As the nation prepares for COVID-19 to take its course, staff and faculty at Cosumnes River College hustle to restructure ahead of an impending campus closure.
Los Rios Colleges remain open even though other local schools and universities have closed their doors, amidst the growing coronavirus pandemic. Part of the reason for the delay is for staff and faculty to be able to move all classes online in hopes of letting all of the students achieve academic success.
“I’m going to try my best to make the lectures as clear as possible. Still though, doing it in video is not as clear as doing it in person,” said math professor Sang Sertich. “We just hope students are able to understand it is a difficult situation for everyone.”
People may not realize the burden placed among teachers as the school prepares to go online. Not all teachers are required to use canvas, those that do have had the time to get used to it and figure out what material is best presented there, but for teachers who have limited experience with the platform, they also have to learn Canvas before they can incorporate their classes into it and this is all with a weeks warning.
“All faculty are now sort of grandfathered into this situation of being online literate, even if they are not,” said photography professor, Patty Felkner. “I feel very bummed out because I feel like I have to work 150 times more to get myself up to speed, and to still make the class the same as it would be in person.”
Felkner is planning to go online by using class time to assess what her students would be lacking as far as equipment and accessibility, then collaborating regularly with the other photography professors to fill those voids in real time by renting out what equipment they can and creatively coming up with an agenda that is alternate but equivalent to the syllabus.
As a result of Gavin Newsom’s direction and other factors, Los Rios colleges have ceased face-to-face interaction and started online integration as of Thursday. At this time, the full transition date is scheduled for Wednesday March 18.
Intro to Mathematical Ideas professor Nam Lam is preparing for transition by explaining to his classes what to expect. During class today Lam practiced his lecture live on Zoom, the video presentation platform that is compatible with canvas.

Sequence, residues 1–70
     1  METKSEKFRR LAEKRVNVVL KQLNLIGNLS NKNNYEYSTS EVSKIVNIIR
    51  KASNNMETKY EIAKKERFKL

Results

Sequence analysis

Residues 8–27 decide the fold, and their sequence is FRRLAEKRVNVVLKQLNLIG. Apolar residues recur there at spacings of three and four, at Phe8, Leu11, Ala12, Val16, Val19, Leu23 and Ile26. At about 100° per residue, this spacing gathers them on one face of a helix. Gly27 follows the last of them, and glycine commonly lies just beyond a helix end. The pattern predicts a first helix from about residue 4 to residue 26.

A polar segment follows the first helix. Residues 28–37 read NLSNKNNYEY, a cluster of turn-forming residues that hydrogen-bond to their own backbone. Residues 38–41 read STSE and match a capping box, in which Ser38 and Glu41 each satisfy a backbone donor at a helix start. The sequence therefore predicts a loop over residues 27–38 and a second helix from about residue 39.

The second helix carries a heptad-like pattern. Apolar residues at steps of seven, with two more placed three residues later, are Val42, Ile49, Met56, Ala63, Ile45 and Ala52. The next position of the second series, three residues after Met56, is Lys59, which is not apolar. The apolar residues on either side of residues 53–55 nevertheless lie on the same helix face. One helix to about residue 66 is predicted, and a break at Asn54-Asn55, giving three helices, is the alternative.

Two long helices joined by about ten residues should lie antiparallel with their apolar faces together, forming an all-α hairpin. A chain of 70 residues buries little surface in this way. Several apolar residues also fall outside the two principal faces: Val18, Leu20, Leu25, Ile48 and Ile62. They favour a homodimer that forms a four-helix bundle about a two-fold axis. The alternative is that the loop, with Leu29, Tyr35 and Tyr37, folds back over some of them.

Depending on how the video came out, Lam is also considering using his Twitch account he previously had depending on which seems easier for his preferences.
The college experience brings a lot of necessary campus time for classes that have labs and/or expensive equipment and technology that cannot be loaned out. Without these resources available, teachers are forced to make alternate assignments that are accessible to everyone.
“The students are feeling really short sighted because a lot of what they do in my class is very concrete,” said Felkner. “They work in the studio, they work with cameras, they work in a darkroom, they work with chemistry, they work in a computer lab, they work with software that they can’t own because you can’t own the software you have to rent it, so they’re at an extreme disadvantage.”
She added “And, you know, for us to say like okay we’re, you know going online for a month, might potentially put them in a situation where they wouldn’t pass the class, or at very least not get out of the class what they need to get out of the class to go on.”
Learning Disability Specialist, Scott Hamilton has a unique set of problems when it comes to transitioning to an online environment.
“The tests I use are standardized tests, published nationwide. They have to follow certain standards in order for our college to use them, and none of them are certified to be done remotely,” said Hamilton. “Trying to do these tests online would violate the agreement made when the college purchased them, and would functionally invalidate the testing.”
CRC has officially transferred to online status, but fine tuning still needs to take place to give students the best possible experience.